The most obvious difference between those examples and what’s happening now is that the recipients of those products for review aren’t expected to keep them. In other words, the terms of the relationship and expectations on both sides are very clear indeed.

    Based on what I’ve read to date on the many blogs posting about this issue, I don’t agree at all that Microsoft is seeking to “fabricate a blogger’s technology experience”. All they’ve done is provide a laptop and an operating system to a bunch of bloggers.

    But – and here’s where it looks as though we might actually agree – the way in which this campaign (if that’s what it is) has been planned and executed is pretty poor indeed. Neither Microsoft nor Edelman should be surprised by the widespread negative blogosphere reactions.

    As I said in my post, this is a tactical PR cock-up. Nothing more at the moment.

  17. JamesBruni

    Kudso to Neville and Shel for shedding light on this shady business. My buddy Jason Calacanis is right on target in this debate over blogola. You ask the blogger if he/she wants the gift before you send it. It’s just plain common sense. What if Edelman had done this to David Pogue or Walt Mossberg? Why should giftgiving standards be different for bloggers than for so-called regular journalists who testdrive now software and tech products. Edelman deserves the St. Sebastian award for the number of arrows this PR firm has seen during the past year. Are they ever going to learn. Let’s see when Rich gets back from India if his blog has something to say. Best wishes to all for a cleaner, and more ethical 2007.

  18. Dominic Jones

    It all comes down to the nature of the gift and who it was sent to. We’re not talking about free samples of washing powder or cookies. It’s an expensive, by my tastes, laptop with Microsoft’s software loaded on it. Some say it’s a $2,000 computer, Mike Arrington pegs the value at $4,000.

    That’s the real issue, isn’t it. The expensive, ego-stroking nature of the gift has very real potential to influence people who aren’t otherwise being paid for their reviewing expertise. You can see this in the drooling reaction of some of the bloggers to the machines they received.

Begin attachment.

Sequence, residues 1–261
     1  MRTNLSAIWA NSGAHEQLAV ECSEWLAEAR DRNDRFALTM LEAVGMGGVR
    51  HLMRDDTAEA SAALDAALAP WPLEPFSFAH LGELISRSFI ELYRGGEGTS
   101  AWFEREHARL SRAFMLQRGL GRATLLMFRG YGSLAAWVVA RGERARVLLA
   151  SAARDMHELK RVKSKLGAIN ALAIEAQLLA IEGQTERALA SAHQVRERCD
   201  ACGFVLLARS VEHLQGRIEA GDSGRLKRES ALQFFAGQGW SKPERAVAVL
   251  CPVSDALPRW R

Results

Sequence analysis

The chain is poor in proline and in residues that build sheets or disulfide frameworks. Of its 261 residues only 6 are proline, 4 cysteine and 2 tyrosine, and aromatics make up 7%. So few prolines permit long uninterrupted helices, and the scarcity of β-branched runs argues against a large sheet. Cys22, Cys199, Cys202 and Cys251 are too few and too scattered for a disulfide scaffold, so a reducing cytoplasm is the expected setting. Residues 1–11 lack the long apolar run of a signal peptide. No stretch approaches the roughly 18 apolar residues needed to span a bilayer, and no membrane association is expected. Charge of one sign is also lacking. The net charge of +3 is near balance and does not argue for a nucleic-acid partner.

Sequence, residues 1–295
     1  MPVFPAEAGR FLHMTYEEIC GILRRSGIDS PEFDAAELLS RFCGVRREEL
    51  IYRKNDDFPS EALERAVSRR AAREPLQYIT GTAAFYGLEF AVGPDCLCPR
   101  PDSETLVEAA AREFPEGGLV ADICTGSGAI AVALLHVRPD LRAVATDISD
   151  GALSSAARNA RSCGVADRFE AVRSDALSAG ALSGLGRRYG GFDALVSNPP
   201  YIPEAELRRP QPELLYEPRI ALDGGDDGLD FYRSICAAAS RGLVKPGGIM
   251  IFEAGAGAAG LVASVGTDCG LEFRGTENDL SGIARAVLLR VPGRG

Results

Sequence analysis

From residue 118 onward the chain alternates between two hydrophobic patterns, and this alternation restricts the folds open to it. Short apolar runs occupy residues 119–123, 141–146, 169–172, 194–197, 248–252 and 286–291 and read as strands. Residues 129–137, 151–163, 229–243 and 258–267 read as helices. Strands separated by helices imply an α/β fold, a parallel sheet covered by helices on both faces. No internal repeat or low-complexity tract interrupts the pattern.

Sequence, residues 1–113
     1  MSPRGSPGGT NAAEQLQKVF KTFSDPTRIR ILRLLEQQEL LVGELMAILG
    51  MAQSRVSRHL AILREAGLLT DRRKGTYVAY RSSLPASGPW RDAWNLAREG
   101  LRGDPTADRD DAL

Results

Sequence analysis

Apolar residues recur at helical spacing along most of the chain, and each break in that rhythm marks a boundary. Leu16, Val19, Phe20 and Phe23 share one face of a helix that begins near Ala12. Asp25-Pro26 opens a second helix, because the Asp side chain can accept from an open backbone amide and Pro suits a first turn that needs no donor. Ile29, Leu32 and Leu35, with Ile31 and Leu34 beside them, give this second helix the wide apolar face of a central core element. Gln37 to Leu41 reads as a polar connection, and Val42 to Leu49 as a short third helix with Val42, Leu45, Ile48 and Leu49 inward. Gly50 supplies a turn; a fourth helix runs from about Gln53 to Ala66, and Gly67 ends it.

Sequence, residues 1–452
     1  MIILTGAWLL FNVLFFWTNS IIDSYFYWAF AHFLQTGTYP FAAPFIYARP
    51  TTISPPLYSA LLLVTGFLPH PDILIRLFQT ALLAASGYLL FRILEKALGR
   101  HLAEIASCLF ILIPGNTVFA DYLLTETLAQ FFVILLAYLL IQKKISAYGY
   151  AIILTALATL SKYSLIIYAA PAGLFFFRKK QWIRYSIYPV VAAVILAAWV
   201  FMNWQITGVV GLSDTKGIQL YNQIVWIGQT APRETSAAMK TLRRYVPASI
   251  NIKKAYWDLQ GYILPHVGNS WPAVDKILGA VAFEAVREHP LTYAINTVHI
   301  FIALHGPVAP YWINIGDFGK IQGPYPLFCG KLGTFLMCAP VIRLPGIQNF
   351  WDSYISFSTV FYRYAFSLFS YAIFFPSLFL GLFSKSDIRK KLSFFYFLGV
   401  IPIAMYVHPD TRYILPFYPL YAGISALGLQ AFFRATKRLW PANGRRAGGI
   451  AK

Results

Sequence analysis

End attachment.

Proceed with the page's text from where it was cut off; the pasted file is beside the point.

As readers, we recognize the powerful incentive for bloggers to look favorably on their gift and so we will heavily discount anything these bloggers say in favor of the product. If Microsoft had simply sent them the software, this wouldn’t be as much of an issue.

    If it was a detergent company sending a box of soap powder, we wouldn’t care. If, however, they sent a free new washer/dryer combo for the blogger to test the washing powder, we’d scoff at anything the blogger had to say about the washing powder, unless of course if he or she said the detergent didn’t work. We’d marvel at that!

    Which, of course, brings up the most laughable thing in all of this. Microsoft has a product that it can’t get people to use unless they have new computers.

    Now that’s funny.

  19. Dominic Jones

    I’ve read what you’re written here and listened to FIR. You’re saying that as long as proper disclosure is made by the recipient, it’s ok for companies to send bloggers gifts, irrespective of the value.

    I disagree. Disclosure by the blogger or journalist doesn’t make sending expensive gifts a good PR tactic. Disclosure in this case didn’t stop people seeing the gift as a bribe or as desperation on the company’s part.

    It all came down to the value of the “gift,” which many people viewed as inappropriate. And as I’ve said, the very generous nature of the gift makes it unlikely that people reading the subsequent reviews are going to give them much credence, so where was the ROI in this?

    You’re saying it was a PR cock-up because the company and its PR firm failed to insist on disclosure. I’m saying it was a cock-up for that reason — and because the gift was inappropriate. It was construed as a bribe by many people, which in turn undermines the credibility of positive publicity about the company’s product.

    Sorry, that’s not good PR practice.